The story I would recommend, which hasn’t gotten much attention since I posted it during the time Facebook was ignoring me: this one. The headline basically says it all: “A Girl, 15, Reported a Sexual Assault, Then the Detective Abused Her, Too.”

I’m sure he had other victims as well.

Some things

  1. Michael was released from the hospital today, having dumped 25 pounds of fluid that was backed up around his heart. (No wonder he was having trouble breathing.) He will have to make some dietary and lifestyle changes and take some medications and maybe ease up on working so many hours, but he is expected to make a full recovery.
  2. June 16 was the tenth anniversary of the rape. And I… forgot about this entirely. It wasn’t until like two days later that suddenly that fact popped into my head. For me, that’s recovery.
  3. I’m thinking of making a new category of missing persons listed on the Charley Project: migrants who disappeared while trying to cross the border illegally through the desert. Most of them are kind of assumed to have died out there, but a lot of times there’s no hard evidence of that.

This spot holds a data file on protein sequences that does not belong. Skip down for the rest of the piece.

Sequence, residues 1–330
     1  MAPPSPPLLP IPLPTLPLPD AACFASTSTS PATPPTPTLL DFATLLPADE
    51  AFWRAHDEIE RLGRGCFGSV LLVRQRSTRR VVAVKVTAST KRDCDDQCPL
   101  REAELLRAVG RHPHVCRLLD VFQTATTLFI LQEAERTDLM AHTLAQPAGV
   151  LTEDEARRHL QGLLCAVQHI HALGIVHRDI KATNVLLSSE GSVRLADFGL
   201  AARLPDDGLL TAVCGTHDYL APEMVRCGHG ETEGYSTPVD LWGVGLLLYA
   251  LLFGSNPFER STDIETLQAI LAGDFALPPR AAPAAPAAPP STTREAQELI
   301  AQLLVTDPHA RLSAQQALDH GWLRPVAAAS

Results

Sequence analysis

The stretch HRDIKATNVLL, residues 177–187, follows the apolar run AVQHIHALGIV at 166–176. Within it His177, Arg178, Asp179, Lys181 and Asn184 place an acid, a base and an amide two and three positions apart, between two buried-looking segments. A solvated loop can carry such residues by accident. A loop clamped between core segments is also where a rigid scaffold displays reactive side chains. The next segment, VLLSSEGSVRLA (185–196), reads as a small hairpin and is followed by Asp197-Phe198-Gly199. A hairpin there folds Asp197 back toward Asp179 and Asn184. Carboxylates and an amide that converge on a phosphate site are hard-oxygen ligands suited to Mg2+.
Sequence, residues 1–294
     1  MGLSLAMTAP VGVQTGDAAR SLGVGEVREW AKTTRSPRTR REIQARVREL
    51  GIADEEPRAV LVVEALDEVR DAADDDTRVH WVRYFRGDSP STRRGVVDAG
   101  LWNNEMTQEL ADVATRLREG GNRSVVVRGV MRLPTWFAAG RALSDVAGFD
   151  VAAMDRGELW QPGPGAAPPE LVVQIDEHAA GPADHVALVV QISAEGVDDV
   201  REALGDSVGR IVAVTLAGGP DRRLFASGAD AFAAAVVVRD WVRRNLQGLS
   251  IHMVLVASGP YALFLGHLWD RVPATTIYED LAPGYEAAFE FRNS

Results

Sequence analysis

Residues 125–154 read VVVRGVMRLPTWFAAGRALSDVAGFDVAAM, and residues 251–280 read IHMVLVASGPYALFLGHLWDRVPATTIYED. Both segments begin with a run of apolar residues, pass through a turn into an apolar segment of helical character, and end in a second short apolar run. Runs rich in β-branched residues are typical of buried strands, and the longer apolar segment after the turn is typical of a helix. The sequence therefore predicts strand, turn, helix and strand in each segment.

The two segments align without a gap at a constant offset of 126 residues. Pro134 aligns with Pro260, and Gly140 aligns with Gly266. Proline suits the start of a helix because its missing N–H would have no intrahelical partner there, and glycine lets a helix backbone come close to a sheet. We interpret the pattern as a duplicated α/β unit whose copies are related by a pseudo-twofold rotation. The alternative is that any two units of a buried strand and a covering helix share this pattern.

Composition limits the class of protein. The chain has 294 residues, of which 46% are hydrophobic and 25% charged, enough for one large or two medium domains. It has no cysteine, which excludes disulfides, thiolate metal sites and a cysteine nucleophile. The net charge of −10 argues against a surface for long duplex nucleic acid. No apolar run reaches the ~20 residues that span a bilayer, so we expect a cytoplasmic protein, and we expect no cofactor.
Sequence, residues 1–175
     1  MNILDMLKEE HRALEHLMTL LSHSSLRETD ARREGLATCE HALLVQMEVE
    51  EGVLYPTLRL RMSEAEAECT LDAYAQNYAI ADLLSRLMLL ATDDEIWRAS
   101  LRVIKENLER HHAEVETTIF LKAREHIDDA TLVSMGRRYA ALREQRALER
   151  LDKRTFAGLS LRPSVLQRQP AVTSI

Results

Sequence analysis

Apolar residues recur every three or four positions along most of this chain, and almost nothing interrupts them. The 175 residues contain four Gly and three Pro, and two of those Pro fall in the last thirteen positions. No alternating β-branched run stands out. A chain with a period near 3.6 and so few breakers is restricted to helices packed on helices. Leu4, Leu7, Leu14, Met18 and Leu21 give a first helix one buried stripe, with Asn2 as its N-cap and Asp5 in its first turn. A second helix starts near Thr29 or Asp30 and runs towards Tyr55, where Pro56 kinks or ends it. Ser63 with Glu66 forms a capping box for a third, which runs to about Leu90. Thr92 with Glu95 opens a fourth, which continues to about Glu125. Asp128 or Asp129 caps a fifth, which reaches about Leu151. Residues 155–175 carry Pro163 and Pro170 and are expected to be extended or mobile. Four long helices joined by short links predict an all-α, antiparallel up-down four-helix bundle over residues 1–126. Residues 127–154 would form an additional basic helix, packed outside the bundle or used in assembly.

I would like some feedback from Charley Project users: should I make this new category for the migrants, or should I just keep putting them in “endangered missing” or “lost/injured missing” like I’ve been doing? (Part of the reason I was thinking of making a category just for them is because I’ve never made up my mind whether they should be in endangered missing or lost/injured missing.)
    I’d like it if you put your about this opinion in the comments.

Asian Pacific American Heritage Month: Kianna and Gunnar Berg

In honor of Asian Pacific American Heritage Month, I am profiling one Asian or Pacific Islander MP for every day of the month of May. Today’s case is actually two cases, the missing siblings Kianna Joanna Berg and Gunnar David Berg.

The children, who are half white, half Japanese, were abducted by their mother, Naoko Numakami, from their Fairfax, Virginia home and taken to her native Japan. They were eight and nine years old at the time.

Naoko told Kianna and Gunnar’s father that she was just taking the kids to Japan for a vacation, but once in that country she refused to return them. He hasn’t seen them since.

Unfortunately for the kids’ father, it’s probably going to stay that way. I don’t know if there are ANY cases where the Japanese government actually agreed to return an internationally abducted child. I don’t think family courts, as such, really exist there.

Both kids are now over eighteen and could choose to go back to the US on their own if they like, but my guess is that like many family abduction victims, they’ve been alienated against their left-behind father.

National Hispanic Heritage Month: Augustine Moreno